After years of halting progress, this year's United Nations Climate Change Conference looks set to finally nail down a global deal to combat rising temperatures. But if it fails, will the UN framework take a back seat to a raft of agreements between individual nations?
Listen to Insight - Climate Summit - Talkfest or Opportunity?
The alarming speed with which the planet is warming adds impetus to the looming talks in Paris, known as COP21.
The United Kingdom's Met Office recently announced that its data for 2015 so far showed the mean temperature of the Earth's surface would reach 1° above pre-industrial levels this year.
This is half-way to the 2° target agreed to by 196 countries which are signed up to the United Nations Framework Convention on Climate Change.
The 2° target is seen by many as a tipping point beyond which many irreversible effects of climate change could occur, including the melting of the Greenland icesheet and large releases of greenhouse gases from thawing permafrost.
The UN framework was agreed in 1992 at the Earth Summit in Rio de Janeiro, and five years later the Kyoto Protocol was signed.
But the agreement has failed to slow the emissions of greenhouse gases or the rate of warming, mostly because it has not have broad enough buy-in.
In 2009, a global deal looked likely but, for a range of reasons, talks all but collapsed, before being salvaged by the United States and a group known as the BASIC countries (China, India, South Africa and Brazil), who nutted out the Copenhagen Accord. It wasn't adopted by the UN, but it at least meant the whole process wasn't pointless.
Since then talks have been back on track, and now the Paris meeting has been tasked with finalising a new agreement.
This time there is momentum and political agreement in the lead up to the conference, so it is hoped a global deal will finally get over the line.
But even if it does, it's possible that while there may be a binding agreement to reduce emissions, the emissions reduction targets may not be binding.
It's that point that environmentalists say could mean the deal looks good but only on paper.
Late last year, the US President Barack Obama and Chinese President Xi Jinping made a joint announcement that they would take action on climate change. They both announced their own domestic targets and outlined the steps they would take to reach them.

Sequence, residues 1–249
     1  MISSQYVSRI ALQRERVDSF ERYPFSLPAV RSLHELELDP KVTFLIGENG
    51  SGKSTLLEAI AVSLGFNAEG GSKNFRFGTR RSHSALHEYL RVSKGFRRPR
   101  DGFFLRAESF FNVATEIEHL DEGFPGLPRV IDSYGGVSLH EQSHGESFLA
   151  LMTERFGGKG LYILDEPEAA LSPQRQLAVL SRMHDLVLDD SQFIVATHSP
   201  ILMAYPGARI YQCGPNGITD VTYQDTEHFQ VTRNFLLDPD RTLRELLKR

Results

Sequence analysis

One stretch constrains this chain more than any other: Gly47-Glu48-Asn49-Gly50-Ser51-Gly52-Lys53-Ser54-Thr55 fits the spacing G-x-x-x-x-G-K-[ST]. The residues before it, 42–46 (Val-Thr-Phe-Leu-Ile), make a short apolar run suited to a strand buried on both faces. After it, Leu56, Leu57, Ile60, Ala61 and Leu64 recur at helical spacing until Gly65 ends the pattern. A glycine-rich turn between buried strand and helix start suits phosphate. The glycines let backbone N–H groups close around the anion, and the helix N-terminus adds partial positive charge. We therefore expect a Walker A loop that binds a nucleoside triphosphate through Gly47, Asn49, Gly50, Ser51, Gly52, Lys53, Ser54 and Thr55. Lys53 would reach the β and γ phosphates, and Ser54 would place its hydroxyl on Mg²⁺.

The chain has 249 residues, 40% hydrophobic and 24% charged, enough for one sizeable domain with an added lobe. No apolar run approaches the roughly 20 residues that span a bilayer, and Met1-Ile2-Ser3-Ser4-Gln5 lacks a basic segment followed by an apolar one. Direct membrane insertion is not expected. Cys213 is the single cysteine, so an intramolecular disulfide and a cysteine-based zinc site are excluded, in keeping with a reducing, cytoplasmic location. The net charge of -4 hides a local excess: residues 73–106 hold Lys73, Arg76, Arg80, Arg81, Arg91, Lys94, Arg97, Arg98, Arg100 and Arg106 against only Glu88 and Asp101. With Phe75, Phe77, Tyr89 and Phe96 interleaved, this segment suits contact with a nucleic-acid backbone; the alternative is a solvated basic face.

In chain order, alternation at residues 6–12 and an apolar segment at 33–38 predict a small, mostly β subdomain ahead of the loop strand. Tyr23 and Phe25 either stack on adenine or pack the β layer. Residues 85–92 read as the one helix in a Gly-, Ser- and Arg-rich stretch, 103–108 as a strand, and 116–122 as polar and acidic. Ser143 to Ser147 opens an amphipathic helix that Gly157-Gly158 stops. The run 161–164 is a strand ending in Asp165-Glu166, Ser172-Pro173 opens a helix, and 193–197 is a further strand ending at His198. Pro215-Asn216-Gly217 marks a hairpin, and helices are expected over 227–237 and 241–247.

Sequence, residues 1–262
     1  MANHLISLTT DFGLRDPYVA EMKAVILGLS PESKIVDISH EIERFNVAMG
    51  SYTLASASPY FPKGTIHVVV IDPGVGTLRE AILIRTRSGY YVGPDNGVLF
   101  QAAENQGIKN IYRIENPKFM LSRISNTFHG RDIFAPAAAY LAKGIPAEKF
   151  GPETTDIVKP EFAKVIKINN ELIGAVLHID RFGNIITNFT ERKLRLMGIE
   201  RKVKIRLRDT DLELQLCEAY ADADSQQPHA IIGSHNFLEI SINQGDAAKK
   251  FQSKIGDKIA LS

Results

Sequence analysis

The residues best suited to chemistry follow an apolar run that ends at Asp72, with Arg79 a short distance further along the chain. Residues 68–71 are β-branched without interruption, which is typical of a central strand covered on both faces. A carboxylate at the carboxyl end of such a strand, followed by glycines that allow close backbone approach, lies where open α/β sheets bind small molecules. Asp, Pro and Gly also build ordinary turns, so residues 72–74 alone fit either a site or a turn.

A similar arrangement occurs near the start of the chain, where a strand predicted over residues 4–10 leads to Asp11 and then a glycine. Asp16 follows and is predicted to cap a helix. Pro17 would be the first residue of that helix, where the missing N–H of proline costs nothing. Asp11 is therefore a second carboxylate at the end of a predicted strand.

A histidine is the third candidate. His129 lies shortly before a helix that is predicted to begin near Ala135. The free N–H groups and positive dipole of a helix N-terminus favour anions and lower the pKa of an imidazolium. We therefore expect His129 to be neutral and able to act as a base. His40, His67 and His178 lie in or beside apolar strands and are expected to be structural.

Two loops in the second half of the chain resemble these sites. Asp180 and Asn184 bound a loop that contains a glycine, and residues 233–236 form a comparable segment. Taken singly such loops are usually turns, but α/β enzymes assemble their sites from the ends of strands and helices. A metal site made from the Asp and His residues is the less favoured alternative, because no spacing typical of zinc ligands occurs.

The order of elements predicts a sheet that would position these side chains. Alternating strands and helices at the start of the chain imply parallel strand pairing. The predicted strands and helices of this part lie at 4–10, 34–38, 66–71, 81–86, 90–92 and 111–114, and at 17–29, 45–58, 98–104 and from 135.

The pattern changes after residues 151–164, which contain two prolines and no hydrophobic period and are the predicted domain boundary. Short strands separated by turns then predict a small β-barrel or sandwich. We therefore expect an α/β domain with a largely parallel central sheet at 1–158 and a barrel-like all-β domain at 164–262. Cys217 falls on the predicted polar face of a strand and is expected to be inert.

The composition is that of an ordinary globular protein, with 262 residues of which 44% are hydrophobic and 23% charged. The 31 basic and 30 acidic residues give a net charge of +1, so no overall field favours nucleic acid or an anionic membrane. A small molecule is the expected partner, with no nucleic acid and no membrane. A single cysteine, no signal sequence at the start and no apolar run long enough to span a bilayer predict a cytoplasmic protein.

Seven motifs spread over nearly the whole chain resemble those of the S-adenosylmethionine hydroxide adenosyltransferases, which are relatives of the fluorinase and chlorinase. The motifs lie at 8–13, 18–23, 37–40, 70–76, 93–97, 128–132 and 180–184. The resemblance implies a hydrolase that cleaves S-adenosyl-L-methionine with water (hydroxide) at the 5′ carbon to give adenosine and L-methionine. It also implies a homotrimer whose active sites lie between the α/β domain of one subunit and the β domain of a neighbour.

In September this year, they made another joint statement reiterating their commitments and adding their voices to calls for a successful climate agreement in Paris, but interestingly the statement also talked about "a new era of multilateral climate diplomacy."
Is it possible that agreements like the US-China one could take on a greater importance than one agreed by the United Nations?
New Zealand's Climate Change Minister, Tim Groser, said UN and multilateral deals should not be seen as alternatives.
"I think the UN system itself is central to it because we have to have broad-based participation - this is completely different to my other area of expertise, trade, where actually you don't need to have other countries, but we all understand that climate change is completely different."
"The broad UN framework is the right framework, but it's not the only show in town."
The head of the OECD's Environment Directorate, Simon Upton, also supported that view.
"There's no question that the UN is the only body that can deal with this - this is a truly global problem, it's not regional, it's not local, it's absolutely global so it needs to be dealt with at the global level.
"There's a global public good at risk so we need the UN, it's the only entity which can have conversations at that level."
Victoria University Professor of Climate Change, Dave Frame, also highlights how important country-to-country deals might be.
"The US and China have the predominant hands now, but India and other countries that accumulate around India in these [UN] negotiations will be a really important determinant of whether we get anywhere near 2°, because those countries will need to participate in order to keep under 2°.
"But at the moment they are showing very few signs of wanting to play, at least within this UN framing, it may be the case that bilateral or multi-lateral deals offline from the UN may be more fruitful for their participation."
But how vital is that 2° target?
The deputy director of the New Zealand agricultural greenhouse gas research centre, Andy Reisinger, said while it was important to have a target, it was not known whether there was a dramatic change in the consequences of climate change between 1.9 and 2.2°.
"Two degrees is often presented as a threshold, but there is no singular threshold that is located at 2° that you can identify scientifically, it's much more a political target.
"A politically set target of 2° is really important to provide a benchmark for providing mitigation objectives, but in a way, thankfully, there is nothing that says the world is fine at 1.9° but goes to hell in a handbasket at 2.1°.
"But it is also important to recognise that the world isn't fine at 1.9° - there's a lot of damages that we're seeing already that that will escalate further."